I immediately leaped onto the previous generation to try and find a link to any other cancer-related deaths on either of their parents’ sides. My great-grandmother’s mother died of a diabetic coma, which doesn’t spell cancer to me, but her father did die of cirrhosis of the liver, which I understand may well have been a consequence of liver cancer (and which, perhaps not coincidentally, is actually given as the cause of death for one of his daughters). It seemed like a possible lead, so I researched how my great-great-grandfather’s ten brothers and sisters’ ended their days: again, I discarded two sisters who died in infancy of unknown causes, as well as a third brother who died of smallpox. Of the remaining brothers, one died of what was diagnosed as chronic gastroenteritis (the fact it was recorded as “chronic” makes me wonder may have been something else that brought on his demise?) and the other died of broncho-ataxia (a lung ailment) and pellagra (a deficiency disease). Thus, no immediate signs of cancer among the brothers… but what about the sisters? My great-great-grandfather had a total of seven sisters; leaving out the two mentioned earlier who died in infancy, I have not been able to track down a death record for three of the others. However, cancer is once again given as the cause of death for the youngest two. In fact, the youngest of all, who died of a reproduced mammarian carcinoma aged 39 left a widower and three children aged between five and one year old; I later discovered that the youngest of these also succumbed to breast cancer aged 53.

My research obviously got tougher as I moved backwards in time. Neither of the siblings’ parents appear to have died of a cancer-related illness, and in fact both reached a fairly advanced age. I thought then of turning to their respective siblings, but the father only had a brother (who died of unknown causes aged 57) and the mother only had a sister (who, perhaps suspiciously, died of “rheumatism and flatus”; this again does not necessarily imply cancer, but who knows if rheumatic-type pain could have been caused by an internal tumour of some kind?). Any research into the origins of cancer within the family appears to end with the previous generation at the start of the 19th century, for which no cause of death is given. The matriarch of the branch died aged 35 of “a natural death”, which may well have been a euphemism for something much more sinister, but alas, I don’t think I will ever find out the real reason.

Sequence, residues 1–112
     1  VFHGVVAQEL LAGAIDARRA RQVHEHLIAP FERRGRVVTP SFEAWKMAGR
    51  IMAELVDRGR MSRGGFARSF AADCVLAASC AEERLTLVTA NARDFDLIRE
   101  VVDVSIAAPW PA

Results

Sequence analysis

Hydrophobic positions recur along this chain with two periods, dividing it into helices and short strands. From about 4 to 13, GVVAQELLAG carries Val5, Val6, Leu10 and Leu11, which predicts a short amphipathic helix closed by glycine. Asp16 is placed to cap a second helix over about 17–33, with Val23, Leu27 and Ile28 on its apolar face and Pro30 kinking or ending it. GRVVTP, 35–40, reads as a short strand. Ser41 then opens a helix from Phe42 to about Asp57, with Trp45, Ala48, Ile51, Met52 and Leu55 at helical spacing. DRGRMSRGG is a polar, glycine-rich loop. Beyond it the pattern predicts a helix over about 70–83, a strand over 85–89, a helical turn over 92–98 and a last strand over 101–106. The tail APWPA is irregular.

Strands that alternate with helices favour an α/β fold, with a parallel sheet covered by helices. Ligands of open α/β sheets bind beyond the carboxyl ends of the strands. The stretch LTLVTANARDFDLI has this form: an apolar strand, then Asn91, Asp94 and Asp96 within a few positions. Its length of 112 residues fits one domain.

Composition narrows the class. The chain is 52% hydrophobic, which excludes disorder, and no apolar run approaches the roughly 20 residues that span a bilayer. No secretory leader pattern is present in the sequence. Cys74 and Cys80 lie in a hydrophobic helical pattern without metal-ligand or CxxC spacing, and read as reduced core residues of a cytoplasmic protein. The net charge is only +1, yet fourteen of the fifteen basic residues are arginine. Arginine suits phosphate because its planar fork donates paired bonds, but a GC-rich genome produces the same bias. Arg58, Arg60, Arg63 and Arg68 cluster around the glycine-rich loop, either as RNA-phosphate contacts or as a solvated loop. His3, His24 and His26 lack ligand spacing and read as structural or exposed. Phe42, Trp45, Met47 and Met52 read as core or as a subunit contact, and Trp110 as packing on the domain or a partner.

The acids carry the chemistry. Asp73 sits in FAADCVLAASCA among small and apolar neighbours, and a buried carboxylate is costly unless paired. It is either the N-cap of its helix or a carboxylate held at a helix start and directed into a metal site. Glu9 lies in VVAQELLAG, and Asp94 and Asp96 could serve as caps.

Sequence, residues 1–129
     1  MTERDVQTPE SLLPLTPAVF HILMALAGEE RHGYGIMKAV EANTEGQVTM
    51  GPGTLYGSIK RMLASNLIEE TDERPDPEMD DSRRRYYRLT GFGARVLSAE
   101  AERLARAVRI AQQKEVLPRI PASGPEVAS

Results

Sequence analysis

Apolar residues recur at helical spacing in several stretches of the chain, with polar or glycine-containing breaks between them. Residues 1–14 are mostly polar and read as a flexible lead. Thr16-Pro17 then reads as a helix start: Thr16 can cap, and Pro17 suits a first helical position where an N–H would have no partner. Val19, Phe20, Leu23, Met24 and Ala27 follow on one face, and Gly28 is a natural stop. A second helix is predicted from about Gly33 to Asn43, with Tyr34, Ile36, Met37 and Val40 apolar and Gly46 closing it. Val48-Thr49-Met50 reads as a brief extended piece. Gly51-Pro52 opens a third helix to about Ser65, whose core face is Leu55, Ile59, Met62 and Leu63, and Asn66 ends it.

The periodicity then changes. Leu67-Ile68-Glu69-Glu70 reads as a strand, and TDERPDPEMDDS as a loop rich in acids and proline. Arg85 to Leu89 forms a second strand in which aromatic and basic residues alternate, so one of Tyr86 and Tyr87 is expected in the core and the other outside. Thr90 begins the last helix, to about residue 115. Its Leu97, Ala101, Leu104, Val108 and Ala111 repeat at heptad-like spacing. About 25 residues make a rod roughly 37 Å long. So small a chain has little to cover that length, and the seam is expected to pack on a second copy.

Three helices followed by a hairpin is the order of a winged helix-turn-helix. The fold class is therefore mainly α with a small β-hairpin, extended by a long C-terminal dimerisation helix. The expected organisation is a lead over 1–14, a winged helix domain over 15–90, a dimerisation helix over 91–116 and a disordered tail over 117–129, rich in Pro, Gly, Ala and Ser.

With such a history, our doctor took immediate action and sent my Mum to do some tests for BRCA1 and BRCA2, hereditary genes which are linked to specific types of cancer, most of which are found in my recent family history. My Mum in fact tested positive for one of those types of mutations, as did one of her sisters three surviving sisters. Other members of the family have decided not to test, as they prefer not to know if they are carriers.